A Californian judge has given preliminary approval for a $25 million settlement proposed by the Tezos Foundation to end a consolidated class-action lawsuit.
The lawsuit dates back to shortly after Tezos’ $232 million initial coin offering (ICO) in July 2017, when investors started filing claims against the firm, accusing Tezos of issuing unlicensed securities in the U.S.
According to court documents from an April 30 hearing, the judge wrote, “the Court will likely be able to approve the settlement, subject to further consideration at the Settlement Hearing”. The date for the Settlement Hearing is yet to be set.
If the foundation is found liable in the suit, estimates of damages range from under $1 million to more than $150 million. The proposed $25 million settlement will provide class-action members damages equivalent to between 16%, to more than 100%, of the estimated damages.
Tezos denies any wrongdoing
The foundation denies any wrongdoing during their ICO, and wrote in a blog post they had chosen to settle out of court because lawsuits are “expensive and time-consuming” and they preferred a one-time financial cost:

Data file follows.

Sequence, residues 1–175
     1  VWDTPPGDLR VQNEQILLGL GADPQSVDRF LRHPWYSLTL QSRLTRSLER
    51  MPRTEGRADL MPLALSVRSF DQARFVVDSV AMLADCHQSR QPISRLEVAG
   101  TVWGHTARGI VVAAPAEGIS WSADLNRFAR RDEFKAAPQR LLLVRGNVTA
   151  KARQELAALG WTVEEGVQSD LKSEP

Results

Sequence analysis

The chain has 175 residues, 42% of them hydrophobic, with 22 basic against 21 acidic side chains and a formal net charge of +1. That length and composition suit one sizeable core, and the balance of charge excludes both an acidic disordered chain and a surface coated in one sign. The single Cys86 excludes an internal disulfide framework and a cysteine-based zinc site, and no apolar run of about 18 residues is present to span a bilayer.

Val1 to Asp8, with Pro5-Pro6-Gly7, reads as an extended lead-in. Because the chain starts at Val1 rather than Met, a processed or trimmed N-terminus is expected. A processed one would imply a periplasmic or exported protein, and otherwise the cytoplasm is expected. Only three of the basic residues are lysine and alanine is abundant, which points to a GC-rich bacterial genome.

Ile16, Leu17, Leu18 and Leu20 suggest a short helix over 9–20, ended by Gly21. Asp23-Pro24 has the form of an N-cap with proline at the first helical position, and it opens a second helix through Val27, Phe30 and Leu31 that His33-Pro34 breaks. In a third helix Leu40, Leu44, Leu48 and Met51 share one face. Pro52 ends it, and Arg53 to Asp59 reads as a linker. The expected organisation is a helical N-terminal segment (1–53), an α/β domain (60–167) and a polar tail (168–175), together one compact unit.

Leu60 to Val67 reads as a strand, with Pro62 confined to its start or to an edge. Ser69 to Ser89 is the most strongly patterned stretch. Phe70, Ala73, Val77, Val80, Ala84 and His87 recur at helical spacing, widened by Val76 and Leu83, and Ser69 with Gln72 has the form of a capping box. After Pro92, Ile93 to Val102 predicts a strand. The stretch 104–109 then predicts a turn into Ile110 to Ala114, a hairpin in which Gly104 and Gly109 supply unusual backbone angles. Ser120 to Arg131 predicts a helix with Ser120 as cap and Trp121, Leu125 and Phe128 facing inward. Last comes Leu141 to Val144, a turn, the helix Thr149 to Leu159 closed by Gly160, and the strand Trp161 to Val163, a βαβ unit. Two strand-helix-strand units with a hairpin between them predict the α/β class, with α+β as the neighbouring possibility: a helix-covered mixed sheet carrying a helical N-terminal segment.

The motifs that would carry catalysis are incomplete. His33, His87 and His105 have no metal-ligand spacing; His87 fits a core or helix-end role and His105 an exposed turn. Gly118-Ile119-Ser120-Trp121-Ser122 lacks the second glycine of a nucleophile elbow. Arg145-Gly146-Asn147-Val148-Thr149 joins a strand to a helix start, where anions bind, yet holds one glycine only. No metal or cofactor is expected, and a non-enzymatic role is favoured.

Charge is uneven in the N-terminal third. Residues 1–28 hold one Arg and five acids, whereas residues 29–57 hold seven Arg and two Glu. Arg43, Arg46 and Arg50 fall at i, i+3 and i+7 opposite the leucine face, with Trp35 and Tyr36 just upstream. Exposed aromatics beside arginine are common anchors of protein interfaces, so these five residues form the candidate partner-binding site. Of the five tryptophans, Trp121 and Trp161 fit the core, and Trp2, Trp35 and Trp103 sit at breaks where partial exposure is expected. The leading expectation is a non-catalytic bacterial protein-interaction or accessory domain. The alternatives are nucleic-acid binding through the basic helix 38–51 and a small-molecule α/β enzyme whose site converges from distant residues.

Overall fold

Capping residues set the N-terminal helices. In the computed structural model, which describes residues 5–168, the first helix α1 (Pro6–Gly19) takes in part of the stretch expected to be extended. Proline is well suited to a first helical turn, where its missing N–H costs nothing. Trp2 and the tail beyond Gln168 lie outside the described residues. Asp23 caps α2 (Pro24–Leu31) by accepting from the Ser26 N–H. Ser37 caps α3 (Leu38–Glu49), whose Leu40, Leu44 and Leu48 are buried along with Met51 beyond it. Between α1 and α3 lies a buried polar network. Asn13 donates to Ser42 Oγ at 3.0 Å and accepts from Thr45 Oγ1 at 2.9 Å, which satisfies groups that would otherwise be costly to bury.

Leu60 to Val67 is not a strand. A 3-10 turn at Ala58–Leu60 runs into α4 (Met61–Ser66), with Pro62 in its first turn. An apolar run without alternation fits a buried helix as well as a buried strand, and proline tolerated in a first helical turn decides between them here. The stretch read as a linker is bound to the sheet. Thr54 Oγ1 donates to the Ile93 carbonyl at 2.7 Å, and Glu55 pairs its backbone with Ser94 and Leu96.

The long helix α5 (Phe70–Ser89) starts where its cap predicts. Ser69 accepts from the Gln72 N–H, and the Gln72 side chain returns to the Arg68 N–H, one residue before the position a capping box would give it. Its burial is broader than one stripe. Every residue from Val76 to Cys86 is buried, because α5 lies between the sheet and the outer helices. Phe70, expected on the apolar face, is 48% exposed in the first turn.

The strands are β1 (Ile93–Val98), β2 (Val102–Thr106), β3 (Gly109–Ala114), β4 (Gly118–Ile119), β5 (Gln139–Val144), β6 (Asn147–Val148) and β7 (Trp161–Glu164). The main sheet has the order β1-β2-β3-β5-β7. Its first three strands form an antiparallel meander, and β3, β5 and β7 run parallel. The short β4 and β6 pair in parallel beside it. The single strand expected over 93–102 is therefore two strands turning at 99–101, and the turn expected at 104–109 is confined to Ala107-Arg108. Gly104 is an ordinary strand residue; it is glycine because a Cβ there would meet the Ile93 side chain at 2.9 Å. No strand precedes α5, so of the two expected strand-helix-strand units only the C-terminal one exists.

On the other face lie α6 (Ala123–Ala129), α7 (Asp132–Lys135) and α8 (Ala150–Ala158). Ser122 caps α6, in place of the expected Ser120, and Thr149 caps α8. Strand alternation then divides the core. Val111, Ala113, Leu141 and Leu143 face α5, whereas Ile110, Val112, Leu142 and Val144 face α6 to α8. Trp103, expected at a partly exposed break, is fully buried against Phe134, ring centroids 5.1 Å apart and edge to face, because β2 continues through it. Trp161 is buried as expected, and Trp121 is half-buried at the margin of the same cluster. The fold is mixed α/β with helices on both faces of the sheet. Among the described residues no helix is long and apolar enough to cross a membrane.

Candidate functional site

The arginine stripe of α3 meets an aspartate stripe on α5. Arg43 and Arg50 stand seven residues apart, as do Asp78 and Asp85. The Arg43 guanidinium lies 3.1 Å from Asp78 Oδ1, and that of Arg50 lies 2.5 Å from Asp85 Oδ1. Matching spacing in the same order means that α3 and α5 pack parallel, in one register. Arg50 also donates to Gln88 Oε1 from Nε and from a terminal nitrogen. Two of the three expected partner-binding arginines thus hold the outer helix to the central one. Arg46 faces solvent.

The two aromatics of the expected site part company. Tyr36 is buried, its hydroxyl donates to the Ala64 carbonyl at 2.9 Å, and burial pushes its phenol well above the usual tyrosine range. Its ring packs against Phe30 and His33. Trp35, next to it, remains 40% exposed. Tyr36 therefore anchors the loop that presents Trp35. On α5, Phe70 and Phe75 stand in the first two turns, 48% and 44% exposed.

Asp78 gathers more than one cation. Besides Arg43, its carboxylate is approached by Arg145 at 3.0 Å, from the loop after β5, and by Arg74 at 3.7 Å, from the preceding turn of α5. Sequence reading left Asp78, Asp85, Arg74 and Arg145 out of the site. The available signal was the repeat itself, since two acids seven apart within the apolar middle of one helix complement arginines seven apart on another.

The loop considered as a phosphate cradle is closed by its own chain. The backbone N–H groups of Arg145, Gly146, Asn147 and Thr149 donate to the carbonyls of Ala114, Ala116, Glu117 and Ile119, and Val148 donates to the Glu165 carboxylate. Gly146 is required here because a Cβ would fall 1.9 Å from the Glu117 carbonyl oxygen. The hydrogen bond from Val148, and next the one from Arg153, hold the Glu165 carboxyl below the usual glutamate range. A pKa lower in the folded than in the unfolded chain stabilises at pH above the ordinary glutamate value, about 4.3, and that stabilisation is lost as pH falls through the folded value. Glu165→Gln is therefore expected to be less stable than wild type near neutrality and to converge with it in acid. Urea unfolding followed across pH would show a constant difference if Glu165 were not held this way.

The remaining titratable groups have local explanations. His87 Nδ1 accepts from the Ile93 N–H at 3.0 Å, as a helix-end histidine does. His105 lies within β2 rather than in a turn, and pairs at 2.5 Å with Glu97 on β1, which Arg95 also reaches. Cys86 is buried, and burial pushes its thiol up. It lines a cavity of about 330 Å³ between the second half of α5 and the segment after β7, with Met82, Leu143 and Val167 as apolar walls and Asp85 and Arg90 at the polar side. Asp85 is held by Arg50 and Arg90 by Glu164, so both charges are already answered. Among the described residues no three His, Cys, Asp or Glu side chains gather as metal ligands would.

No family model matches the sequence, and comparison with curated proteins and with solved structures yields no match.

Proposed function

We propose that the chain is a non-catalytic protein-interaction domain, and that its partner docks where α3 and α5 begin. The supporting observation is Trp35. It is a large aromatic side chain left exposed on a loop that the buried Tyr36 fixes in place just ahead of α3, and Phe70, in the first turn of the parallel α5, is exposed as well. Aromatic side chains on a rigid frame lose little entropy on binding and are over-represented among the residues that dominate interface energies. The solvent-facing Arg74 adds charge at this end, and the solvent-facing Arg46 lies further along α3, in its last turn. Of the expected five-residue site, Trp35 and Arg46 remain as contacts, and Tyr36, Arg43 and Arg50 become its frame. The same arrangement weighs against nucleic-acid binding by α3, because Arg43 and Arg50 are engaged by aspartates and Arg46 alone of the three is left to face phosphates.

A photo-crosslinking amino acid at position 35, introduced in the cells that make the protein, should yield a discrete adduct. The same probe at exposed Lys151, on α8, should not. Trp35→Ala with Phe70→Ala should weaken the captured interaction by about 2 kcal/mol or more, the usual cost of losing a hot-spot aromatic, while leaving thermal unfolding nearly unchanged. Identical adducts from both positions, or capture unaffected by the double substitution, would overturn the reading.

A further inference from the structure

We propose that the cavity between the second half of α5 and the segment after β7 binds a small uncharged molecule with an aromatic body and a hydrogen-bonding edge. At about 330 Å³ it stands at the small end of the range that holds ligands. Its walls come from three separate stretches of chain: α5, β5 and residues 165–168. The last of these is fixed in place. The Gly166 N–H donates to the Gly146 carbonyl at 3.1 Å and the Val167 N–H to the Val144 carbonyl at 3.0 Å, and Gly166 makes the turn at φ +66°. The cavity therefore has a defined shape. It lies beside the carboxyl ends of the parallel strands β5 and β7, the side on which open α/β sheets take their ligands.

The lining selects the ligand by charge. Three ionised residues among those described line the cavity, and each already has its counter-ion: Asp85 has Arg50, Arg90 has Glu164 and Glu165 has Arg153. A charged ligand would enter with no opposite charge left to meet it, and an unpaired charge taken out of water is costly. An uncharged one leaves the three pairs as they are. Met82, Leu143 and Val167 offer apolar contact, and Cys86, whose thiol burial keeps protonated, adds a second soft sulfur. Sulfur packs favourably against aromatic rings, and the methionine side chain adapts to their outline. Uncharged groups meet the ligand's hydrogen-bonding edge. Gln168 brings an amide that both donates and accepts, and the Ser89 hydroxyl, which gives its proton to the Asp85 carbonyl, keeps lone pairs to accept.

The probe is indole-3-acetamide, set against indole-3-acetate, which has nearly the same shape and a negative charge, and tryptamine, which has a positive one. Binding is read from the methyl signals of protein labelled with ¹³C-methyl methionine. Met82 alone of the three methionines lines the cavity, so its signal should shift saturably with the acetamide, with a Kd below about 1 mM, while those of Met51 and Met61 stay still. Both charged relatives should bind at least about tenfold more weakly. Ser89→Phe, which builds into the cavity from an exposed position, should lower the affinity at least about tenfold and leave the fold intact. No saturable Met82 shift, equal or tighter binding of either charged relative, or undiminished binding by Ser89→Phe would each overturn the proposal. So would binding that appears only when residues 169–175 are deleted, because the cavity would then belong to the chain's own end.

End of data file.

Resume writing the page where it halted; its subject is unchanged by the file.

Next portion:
“The Tezos Foundation chose to settle all claims because the Tezos Foundation believes it is in the best interest of the Tezos project and community as a whole. The Foundation continues to believe the lawsuits were meritless and continues to deny any wrongdoing.”
Making it hard for the SEC
The SEC has also investigated the firm in relation to their ICO but is yet to bring a case against Tezos. Should the current settlement be finalized, the SEC may find it more difficult to build a case that the Tezos Foundation has acted in bad faith.
While the lawsuits may have scared some investors away from Tezos, supporters don’t seem too worried with one Reddit user saying “it’s water under the bridge…” and another saying they were “a lot more worried about the SEC than this class-action.”
Tezos’ assets have almost tripled in value since the ICO with the Foundation’s March 9 report revealing assets in excess of $630 million.